Kingsport Times News Friday, November 28, 2014
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Washington's Arblaster knew early that teaching was her passion

May 9th, 2007 12:27 am by CHRISTAN M. THOMAS

Washington's Arblaster knew early that teaching was her passion

Washington Elementary teacher Jennifer Arblaster looks over a portfolio with student Olivia Barrett. Erica Yoon photo.



This is the third in a series of stories highlighting a teacher of the year from the Kingsport, Sullivan County, Hawkins County and Rogersville school systems.


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Washington Elementary teacher Jennifer Arblaster looks over a portfolio with student Olivia Barrett. Erica Yoon photo.


When it came to deciding a career path, the saying "Father knows best" rang true for Washington Elementary School teacher Jennifer Arblaster.


"I always knew I wanted to work with children, but wasn't quite sure what direction I was going to go," Arblaster said. "I remember my father always telling me that he thought I would make a wonderful teacher - I was drawn to kids and they were drawn to me. So I got into my first education class and just instantly knew that was my passion. I just couldn't get enough of it. I knew it was my calling."


Arblaster - Kingsport City Schools' 2007 teacher of the year for grades 5 to 8 - moved to Northeast Tennessee with her family in 1985. She attended Elizabethton schools and then received her bachelor's and master's degrees from Milligan College. She is pursing a doctorate in educational leadership from East Tennessee State University and recently received National Board Certification for professional teachers.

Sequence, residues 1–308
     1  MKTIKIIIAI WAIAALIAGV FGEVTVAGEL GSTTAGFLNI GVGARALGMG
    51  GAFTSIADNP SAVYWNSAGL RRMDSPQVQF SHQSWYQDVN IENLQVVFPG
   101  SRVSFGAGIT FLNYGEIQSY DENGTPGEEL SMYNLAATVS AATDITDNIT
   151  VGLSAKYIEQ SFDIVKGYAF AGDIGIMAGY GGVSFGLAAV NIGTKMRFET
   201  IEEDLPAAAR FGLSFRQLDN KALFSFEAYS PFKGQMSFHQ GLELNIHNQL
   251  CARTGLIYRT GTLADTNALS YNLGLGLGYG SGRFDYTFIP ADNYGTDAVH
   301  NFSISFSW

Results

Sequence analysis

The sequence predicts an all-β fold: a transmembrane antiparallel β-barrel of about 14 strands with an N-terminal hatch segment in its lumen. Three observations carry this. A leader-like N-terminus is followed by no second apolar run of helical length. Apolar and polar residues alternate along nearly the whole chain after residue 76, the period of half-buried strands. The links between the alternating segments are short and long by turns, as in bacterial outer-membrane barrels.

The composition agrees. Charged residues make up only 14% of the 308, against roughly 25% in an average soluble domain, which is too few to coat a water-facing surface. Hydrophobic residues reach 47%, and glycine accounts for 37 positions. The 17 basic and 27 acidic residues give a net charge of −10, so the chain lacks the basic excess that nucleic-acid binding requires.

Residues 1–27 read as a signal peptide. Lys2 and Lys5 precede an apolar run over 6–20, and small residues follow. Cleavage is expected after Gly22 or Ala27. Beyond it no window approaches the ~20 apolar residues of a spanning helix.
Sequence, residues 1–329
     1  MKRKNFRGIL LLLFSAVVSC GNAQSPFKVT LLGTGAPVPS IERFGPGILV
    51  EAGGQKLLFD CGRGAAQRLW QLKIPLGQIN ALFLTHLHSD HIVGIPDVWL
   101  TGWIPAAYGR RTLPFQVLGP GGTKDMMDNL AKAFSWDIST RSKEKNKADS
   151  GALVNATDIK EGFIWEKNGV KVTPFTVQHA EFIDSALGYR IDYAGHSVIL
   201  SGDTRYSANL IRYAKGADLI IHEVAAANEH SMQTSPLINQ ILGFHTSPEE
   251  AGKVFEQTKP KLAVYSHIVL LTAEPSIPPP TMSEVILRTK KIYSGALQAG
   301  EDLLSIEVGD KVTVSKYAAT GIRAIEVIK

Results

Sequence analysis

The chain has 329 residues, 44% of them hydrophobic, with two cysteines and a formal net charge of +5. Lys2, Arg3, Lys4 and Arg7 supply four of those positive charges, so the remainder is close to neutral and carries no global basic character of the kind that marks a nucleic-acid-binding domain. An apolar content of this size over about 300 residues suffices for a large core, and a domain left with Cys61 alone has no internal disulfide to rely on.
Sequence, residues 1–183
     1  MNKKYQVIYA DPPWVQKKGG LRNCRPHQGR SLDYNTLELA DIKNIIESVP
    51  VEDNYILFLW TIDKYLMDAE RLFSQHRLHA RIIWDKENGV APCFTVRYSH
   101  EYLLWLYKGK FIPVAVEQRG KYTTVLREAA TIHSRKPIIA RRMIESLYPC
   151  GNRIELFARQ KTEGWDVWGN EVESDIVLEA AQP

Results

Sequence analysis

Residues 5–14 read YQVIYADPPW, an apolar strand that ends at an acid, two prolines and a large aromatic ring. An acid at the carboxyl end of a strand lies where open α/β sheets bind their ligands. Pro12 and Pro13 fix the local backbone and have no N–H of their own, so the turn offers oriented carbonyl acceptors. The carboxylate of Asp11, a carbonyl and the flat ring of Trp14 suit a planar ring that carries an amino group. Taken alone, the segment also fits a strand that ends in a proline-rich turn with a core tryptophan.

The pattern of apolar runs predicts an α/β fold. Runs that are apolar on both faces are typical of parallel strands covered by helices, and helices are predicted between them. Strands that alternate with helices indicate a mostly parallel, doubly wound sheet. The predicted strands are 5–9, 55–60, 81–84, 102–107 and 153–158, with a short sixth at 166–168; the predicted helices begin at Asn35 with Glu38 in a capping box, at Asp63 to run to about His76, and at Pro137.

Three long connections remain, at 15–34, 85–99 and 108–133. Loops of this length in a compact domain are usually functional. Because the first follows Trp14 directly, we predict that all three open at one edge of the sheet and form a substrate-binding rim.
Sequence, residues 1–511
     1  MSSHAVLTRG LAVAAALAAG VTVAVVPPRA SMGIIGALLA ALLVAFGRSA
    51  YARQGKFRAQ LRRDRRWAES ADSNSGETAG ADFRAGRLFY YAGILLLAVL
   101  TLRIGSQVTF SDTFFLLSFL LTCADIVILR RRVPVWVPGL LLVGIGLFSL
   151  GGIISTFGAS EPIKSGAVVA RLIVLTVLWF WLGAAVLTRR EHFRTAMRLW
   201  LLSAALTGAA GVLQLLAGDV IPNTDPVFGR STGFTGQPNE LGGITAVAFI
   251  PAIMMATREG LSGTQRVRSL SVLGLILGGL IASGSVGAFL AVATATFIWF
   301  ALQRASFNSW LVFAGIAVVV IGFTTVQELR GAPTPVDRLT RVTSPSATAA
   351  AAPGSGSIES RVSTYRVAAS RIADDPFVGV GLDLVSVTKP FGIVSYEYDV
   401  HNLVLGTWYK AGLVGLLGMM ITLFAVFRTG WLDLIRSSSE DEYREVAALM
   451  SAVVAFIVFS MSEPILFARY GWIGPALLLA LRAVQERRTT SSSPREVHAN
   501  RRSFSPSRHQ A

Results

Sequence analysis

After graduating from Milligan with her bachelor's degree, Arblaster took her first teaching job at Washington. She has been at the school - and in the same learning center, though in a different age group - ever since.


Teaching, Arblaster said, is her true passion. But, it's more than just enthusiasm for the job that keeps her students interested.


As a life-long learner, Arblaster said she tries to incorporate as much research and real world experience into the classroom as possible. She said she also tries to tie subjects together to increase students' understanding.


"I use a lot of research-based practices in my classroom and really try to do what's best for the individual child," Arblaster said. "Brain-based learning is one (concept used in the classroom). I went to a conference about five years ago on brain-based learning. ... It was so enlightening to me to find out how the normal brain functions, how the brain learns. Then I was able to take that back into my classroom and apply those things to my students."


In addition, Arblaster said she tries to create a welcoming environment in the classroom, where students truly feel that they belong.


Part of being a teacher, she said, is to make the students the center of attention during the school day and to meet their needs in the best possible way.


"You have to be able to walk into the classroom and let those children be the center of your world for the day," Arblaster said. "Outside things - you have to close the door on those. Realize that they need you, desperately, throughout the day - to be the mom, to comfort them when they fall, to help them solve their little problems. Teaching has to be something you're passionate about. It's not an easy job, but it's one of the most rewarding.


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